Satan purposely wants us to indulge in all those wicked things, and to be tempted to sin so that we will in the end lose everything, and he will never cease to tempt us and to push us into sin, and we should resist his efforts and seek for help in this constant battle raging daily for our souls. And today, as it happens, we celebrate the Feast of the Holy Archangels, St. Michael, St. Gabriel and St. Raphael.

Today, let us all ask for the help and protection from the three Holy Archangels, who is always ready to help us with the legions of Angels and our own Guardian Angels to protect us all from the attacks of the evil ones. But we also have to make the conscious effort to resist those temptations and realise that we have to hold onto the right things in life, that is not the false joys and happiness in worldly things, but rather to trust in God.

Let us all therefore make best use of whatever God has blessed us with, for the benefit of our fellow men and not be selfish like the rich man or the Israelites of the time of prophet Amos, who put themselves, their ego and pride ahead of their love for God and for their fellow men. Let us seek to be humble in all things and love God and place Him at the very centre of our lives and our existences. Let us not be ignorant of the needs and the plight of those who are less fortunate than us, but instead, let us be generous in sharing whatever happiness, joy and blessings we have received from God.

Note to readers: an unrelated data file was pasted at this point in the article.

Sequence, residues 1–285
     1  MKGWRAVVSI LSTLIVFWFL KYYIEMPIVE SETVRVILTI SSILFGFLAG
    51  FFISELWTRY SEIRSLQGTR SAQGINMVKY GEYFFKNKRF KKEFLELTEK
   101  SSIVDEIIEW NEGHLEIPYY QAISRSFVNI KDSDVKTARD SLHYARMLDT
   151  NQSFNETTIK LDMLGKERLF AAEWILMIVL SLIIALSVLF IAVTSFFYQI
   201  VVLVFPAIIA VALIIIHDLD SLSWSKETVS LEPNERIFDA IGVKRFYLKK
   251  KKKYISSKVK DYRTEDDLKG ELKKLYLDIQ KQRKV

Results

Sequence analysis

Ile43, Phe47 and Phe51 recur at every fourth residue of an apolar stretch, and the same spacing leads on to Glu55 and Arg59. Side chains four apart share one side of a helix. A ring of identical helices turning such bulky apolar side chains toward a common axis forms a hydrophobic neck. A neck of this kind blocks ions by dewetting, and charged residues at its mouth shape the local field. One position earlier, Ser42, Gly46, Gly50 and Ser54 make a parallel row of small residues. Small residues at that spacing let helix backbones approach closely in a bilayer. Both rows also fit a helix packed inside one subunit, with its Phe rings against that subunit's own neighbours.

May the Holy Archangels, St. Michael, St. Gabriel and St. Raphael protect us all and may they intercede for us and be our guardians in this constant, daily spiritual warfare that we may emerge triumphant, keeping ourselves away from unworthy and wicked attachments to false pleasures, joys and temptations of this world so that in all things we may become ever closer to God and be worthy of His promised inheritance and glory. Amen.